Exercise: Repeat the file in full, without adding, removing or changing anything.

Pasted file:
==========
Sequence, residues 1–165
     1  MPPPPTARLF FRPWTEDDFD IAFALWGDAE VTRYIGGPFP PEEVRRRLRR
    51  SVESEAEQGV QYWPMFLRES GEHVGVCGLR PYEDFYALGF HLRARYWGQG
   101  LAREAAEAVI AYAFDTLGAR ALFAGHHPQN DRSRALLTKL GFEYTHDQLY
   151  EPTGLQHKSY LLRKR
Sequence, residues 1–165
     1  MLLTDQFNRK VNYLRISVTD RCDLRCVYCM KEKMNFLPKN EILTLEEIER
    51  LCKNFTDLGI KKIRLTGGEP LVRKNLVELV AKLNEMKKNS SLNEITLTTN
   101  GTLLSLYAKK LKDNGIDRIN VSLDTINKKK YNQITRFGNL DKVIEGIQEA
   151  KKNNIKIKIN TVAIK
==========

Sequence, residues 1–165
     1  MPPPPTARLF FRPWTEDDFD IAFALWGDAE VTRYIGGPFP PEEVRRRLRR
    51  SVESEAEQGV QYWPMFLRES GEHVGVCGLR PYEDFYALGF HLRARYWGQG
   101  LAREAAEAVI AYAFDTLGAR ALFAGHHPQN DRSRALLTKL GFEYTHDQLY
   151  EPTGLQHKSY LLRKR
Sequence, residues 1–165
     1  MLLTDQFNRK VNYLRISVTD RCDLRCVYCM KEKMNFLPKN EILTLEEIER
    51  LCKNFTDLGI KKIRLTGGEP LVRKNLVELV AKLNEMKKNS SLNEITLTTN
   101  GTLLSLYAKK LKDNGIDRIN VSLDTINKKK YNQITRFGNL DKVIEGIQEA
   151  KKNNIKIKIN TVAIK